Working as a 911 operator isn’t as simple as staying on the line of a call and attempting to help callers while sending the appropriate first responder to the scene. It’s a complex job, often involving multiple pieces of software, computers and other unrelated equipment, all while keeping callers calm and collecting as much information as possible. Gathering this information while coordinating a dispatch, leads to an average 6 to 13-minute response time.
Across the United States, 6,100 emergency call centers average a total of 200 million calls annually ranging from theft and vandalism to medical emergencies and active shooters. Unfortunately, each state has its own regulations and funding for these centers, making it difficult for some to invest in new technology to make dispatchers more efficient and effective.
False Alarms are a Major Issue
Call centers also receive countless false alarm and prank calls, which they must respond to, even if they believe the call to be fake. Studies conducted over the years suggests that 90% to 99% of all calls to 911 are false, which costs first response agencies an estimated $3.1 billion every year.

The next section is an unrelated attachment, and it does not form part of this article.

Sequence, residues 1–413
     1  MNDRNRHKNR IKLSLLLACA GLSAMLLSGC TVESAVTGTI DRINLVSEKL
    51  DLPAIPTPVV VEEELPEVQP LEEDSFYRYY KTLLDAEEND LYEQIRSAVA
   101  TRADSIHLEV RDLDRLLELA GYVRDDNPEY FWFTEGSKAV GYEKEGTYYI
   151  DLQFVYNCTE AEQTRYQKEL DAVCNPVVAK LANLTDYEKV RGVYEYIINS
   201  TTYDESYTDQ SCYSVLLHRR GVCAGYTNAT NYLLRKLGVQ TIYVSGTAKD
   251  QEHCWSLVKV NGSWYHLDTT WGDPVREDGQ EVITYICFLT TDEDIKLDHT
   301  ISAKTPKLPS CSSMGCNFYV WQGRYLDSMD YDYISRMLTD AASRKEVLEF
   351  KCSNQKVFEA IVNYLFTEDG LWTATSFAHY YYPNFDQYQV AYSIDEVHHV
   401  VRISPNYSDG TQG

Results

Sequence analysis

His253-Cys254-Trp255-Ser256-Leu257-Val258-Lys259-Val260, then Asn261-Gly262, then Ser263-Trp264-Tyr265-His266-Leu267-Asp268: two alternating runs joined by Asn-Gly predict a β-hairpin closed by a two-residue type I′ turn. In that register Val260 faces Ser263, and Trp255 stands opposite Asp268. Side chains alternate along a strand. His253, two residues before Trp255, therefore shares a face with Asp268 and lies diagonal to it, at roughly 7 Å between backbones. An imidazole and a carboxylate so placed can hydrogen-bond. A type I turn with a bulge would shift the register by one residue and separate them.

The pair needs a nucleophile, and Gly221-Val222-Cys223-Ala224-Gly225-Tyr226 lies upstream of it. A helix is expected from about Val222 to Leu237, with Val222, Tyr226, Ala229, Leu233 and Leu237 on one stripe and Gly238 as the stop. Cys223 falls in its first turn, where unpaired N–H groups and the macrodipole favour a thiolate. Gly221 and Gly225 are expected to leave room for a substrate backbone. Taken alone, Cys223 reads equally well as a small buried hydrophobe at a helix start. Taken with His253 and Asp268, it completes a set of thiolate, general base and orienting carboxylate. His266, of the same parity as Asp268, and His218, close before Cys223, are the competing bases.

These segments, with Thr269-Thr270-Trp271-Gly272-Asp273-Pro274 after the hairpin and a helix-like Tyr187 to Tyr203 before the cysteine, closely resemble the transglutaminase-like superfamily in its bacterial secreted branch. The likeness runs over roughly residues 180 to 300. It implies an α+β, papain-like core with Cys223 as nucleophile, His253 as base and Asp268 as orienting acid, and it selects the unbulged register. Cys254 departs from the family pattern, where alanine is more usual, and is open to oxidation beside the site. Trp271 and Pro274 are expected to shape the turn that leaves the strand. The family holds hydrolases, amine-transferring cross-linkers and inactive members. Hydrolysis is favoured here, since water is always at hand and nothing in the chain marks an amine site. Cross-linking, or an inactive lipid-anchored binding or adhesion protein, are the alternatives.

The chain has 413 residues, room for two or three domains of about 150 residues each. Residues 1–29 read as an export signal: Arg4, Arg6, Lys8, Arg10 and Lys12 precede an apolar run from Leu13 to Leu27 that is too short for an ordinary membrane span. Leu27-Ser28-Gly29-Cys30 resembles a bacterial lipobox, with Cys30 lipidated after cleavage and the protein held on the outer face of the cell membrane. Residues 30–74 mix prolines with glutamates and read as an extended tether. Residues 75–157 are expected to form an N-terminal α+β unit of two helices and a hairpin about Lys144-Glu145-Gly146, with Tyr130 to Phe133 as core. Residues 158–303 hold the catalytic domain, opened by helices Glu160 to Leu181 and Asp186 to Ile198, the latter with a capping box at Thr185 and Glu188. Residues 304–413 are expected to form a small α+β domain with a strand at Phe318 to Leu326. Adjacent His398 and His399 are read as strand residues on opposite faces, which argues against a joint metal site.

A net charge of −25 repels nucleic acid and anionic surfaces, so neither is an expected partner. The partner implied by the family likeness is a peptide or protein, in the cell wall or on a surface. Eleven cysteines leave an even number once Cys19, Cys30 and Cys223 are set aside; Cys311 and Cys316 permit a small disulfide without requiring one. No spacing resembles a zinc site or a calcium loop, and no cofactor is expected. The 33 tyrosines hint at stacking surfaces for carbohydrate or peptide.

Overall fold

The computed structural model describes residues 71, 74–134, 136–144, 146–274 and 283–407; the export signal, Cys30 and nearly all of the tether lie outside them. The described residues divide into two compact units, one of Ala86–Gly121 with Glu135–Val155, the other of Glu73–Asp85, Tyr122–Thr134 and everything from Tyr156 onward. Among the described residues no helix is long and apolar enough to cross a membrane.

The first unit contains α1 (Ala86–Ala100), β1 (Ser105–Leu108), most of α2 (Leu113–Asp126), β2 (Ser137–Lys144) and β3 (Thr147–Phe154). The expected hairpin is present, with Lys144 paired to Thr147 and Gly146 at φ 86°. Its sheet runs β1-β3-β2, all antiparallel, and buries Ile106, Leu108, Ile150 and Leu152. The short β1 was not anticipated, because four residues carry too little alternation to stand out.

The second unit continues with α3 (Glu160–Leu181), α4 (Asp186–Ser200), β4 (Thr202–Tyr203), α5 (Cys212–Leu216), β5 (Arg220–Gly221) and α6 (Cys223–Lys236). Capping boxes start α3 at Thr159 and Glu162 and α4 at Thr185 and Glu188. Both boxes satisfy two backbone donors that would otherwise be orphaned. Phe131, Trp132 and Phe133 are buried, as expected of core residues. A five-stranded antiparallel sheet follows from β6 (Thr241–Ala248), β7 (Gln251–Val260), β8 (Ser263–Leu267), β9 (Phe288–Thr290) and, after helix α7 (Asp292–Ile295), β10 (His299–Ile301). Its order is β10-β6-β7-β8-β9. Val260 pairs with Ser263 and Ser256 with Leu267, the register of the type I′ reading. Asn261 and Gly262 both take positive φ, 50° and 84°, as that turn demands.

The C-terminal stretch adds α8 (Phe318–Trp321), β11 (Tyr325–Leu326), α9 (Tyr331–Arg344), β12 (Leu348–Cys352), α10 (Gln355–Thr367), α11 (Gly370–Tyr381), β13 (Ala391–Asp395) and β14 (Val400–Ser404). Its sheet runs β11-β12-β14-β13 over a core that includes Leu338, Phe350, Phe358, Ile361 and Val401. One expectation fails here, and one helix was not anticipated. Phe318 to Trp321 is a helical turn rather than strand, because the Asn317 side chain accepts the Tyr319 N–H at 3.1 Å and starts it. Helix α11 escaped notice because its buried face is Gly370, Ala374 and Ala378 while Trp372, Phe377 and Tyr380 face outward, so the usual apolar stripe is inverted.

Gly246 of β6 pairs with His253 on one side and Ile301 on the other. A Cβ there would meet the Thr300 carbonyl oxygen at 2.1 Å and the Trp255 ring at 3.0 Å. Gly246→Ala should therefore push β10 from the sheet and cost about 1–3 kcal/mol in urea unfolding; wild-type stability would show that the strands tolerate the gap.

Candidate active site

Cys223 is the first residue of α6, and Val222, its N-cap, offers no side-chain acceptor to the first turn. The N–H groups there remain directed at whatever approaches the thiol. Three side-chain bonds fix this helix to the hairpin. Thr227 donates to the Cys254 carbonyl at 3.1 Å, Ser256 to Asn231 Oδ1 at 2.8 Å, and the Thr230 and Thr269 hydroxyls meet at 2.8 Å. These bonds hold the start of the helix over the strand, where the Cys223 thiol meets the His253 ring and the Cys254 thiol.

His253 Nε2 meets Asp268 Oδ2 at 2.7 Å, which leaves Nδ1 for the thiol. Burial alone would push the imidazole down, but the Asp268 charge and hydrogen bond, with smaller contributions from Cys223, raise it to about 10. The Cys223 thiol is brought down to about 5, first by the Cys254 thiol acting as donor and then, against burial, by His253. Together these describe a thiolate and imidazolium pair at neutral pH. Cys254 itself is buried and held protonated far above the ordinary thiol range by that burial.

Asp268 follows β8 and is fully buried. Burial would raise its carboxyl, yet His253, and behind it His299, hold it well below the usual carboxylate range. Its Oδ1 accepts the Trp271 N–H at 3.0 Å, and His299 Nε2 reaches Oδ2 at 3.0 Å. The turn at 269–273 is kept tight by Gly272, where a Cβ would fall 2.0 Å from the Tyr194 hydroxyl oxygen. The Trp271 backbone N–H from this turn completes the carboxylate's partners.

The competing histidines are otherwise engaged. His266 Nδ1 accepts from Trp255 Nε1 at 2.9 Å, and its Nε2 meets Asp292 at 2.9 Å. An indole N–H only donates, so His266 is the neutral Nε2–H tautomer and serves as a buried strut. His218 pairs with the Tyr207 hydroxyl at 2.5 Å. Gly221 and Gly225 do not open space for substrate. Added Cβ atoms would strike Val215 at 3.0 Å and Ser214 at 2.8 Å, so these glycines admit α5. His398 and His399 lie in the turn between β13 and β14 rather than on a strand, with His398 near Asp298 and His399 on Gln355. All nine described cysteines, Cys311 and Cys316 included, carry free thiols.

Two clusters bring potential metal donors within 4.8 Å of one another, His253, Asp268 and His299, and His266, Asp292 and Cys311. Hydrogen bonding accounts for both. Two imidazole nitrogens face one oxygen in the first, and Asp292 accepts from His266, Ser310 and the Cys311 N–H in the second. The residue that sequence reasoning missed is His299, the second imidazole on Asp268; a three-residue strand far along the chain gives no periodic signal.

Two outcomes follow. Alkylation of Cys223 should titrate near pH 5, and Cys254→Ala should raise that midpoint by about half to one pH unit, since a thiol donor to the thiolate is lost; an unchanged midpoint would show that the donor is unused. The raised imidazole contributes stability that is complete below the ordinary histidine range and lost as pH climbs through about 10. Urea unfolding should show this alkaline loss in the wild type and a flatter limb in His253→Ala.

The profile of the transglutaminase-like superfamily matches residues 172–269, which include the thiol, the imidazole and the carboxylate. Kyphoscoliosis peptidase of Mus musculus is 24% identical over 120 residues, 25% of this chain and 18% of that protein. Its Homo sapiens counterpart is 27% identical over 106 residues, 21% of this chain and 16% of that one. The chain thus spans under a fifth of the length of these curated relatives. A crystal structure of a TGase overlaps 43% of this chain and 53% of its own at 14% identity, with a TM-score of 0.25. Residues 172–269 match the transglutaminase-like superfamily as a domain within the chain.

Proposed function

Remote guarding offers a solution to this problem, by only alerting agents to genuine threats as determined by sophisticated artificial intelligence software, and providing information in real time, dispatch operators can focus on true emergencies and send first responders faster than is the current average. This is especially true during the current pandemic when 911 wait times have doubled in many centers across the country.
Technological Advancements are Lacking
In 911 centers, system updates lag far behind where they need to be. While the operators are thoroughly trained and are highly capable of operating the systems, the process needs to be made easier. While centers wait for these updates, advancements in guarding technology are allowing operators to receive legitimate emergency calls with clearer details.
As 911 centers slowly update to more streamlined systems, remote guarding acts as a strong force multiplier, providing increased safety in the community and faster response times from first responders.